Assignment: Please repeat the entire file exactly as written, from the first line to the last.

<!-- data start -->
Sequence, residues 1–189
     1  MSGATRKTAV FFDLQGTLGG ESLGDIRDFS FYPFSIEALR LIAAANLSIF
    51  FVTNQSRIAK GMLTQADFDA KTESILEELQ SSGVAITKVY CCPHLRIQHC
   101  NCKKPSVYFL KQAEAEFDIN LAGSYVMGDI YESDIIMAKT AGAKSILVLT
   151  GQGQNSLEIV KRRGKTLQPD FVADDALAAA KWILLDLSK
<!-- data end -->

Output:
Sequence, residues 1–189
     1  MSGATRKTAV FFDLQGTLGG ESLGDIRDFS FYPFSIEALR LIAAANLSIF
    51  FVTNQSRIAK GMLTQADFDA KTESILEELQ SSGVAITKVY CCPHLRIQHC
   101  NCKKPSVYFL KQAEAEFDIN LAGSYVMGDI YESDIIMAKT AGAKSILVLT
   151  GQGQNSLEIV KRRGKTLQPD FVADDALAAA KWILLDLSK